Chapter 6. Object-Oriented Programming

Object-oriented (OO) languages typically are identified through their use of classes to create multiple objects that have the same properties and methods. As mentioned previously, ECMAScript has no concept of classes, and therefore objects are different than in class-based languages.

ECMA-262 defines an object as an "unordered collection of properties each of which contains a primitive value, object, or function." Strictly speaking, this means that an object is an array of values in no particular order. Each property or method is identified by a name that is mapped to a value. For this reason (and others yet to be discussed), it helps to think of ECMAScript objects as hash tables: nothing more than a grouping of name-value pairs where the value may be data or a function.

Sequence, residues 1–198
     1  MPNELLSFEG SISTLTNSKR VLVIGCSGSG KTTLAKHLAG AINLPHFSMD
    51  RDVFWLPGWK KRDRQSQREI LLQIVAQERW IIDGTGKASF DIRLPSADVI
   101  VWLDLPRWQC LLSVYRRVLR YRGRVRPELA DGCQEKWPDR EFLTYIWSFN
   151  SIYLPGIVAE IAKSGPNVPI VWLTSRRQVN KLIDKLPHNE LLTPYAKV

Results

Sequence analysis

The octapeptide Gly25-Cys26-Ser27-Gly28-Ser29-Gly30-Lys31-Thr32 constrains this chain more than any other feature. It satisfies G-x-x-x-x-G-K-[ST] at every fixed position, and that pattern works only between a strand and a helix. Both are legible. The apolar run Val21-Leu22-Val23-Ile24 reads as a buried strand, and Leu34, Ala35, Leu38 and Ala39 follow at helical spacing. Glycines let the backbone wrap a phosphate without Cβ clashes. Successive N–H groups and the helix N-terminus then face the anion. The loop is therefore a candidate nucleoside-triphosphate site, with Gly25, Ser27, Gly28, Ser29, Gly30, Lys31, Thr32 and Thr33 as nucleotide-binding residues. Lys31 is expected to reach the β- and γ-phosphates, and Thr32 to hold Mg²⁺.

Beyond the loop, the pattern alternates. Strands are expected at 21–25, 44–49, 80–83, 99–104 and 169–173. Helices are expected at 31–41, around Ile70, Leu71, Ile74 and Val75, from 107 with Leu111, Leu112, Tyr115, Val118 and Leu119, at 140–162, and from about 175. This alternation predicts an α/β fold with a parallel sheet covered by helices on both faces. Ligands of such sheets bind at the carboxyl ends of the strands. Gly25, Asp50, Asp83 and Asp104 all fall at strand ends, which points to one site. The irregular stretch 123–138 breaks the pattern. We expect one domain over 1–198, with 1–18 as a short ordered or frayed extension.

Each object is created based on a reference type, either one of the native types discussed in the previous chapter or a developer-defined type.

Creating Objects

As mentioned in the previous chapter, the simplest way to create a custom object is to create a new instance of Object and add properties and methods to it, as in this example:

var person = new Object(); = "Nicholas";
person.age = 29;
person.job = "Software Engineer";

person.sayName = function(){

This example creates an object called person that has three properties (name, age, and job) and one method (sayName()). The sayName() method displays the value of, which resolves to

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